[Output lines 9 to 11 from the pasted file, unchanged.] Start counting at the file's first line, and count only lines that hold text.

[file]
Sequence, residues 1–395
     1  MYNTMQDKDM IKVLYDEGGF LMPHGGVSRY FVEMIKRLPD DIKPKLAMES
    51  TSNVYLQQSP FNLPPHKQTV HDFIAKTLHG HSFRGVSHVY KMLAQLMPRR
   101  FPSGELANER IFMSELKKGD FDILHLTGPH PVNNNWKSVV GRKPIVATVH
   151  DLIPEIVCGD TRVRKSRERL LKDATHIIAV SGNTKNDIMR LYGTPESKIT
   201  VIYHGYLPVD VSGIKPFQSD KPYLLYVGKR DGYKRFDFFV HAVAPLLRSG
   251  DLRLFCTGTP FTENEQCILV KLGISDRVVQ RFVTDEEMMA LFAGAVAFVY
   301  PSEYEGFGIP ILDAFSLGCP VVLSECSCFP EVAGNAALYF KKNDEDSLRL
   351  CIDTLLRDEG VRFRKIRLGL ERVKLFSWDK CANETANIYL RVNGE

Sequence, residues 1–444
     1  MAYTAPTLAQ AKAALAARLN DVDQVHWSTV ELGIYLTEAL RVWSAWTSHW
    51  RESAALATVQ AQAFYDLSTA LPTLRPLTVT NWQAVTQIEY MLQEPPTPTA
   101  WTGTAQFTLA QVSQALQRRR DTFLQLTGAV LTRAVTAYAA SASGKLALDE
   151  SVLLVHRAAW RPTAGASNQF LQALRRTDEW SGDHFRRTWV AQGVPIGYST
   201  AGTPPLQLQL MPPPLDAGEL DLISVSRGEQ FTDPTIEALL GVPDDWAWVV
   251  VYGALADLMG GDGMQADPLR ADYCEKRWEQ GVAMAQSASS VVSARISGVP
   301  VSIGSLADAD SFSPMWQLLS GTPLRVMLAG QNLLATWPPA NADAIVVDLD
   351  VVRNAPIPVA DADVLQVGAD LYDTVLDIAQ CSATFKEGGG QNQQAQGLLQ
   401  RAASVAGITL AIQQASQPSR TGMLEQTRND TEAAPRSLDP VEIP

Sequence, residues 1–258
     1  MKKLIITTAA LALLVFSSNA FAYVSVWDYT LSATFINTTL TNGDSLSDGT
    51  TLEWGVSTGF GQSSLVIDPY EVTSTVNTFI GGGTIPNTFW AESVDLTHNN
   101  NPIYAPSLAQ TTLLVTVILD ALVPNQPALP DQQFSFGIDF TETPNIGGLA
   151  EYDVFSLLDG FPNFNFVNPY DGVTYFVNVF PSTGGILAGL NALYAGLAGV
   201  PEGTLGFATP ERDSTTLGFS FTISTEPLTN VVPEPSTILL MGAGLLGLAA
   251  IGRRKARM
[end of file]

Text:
   351  CIDTLLRDEG VRFRKIRLGL ERVKLFSWDK CANETANIYL RVNGE

Sequence, residues 1–444
     1  MAYTAPTLAQ AKAALAARLN DVDQVHWSTV ELGIYLTEAL RVWSAWTSHW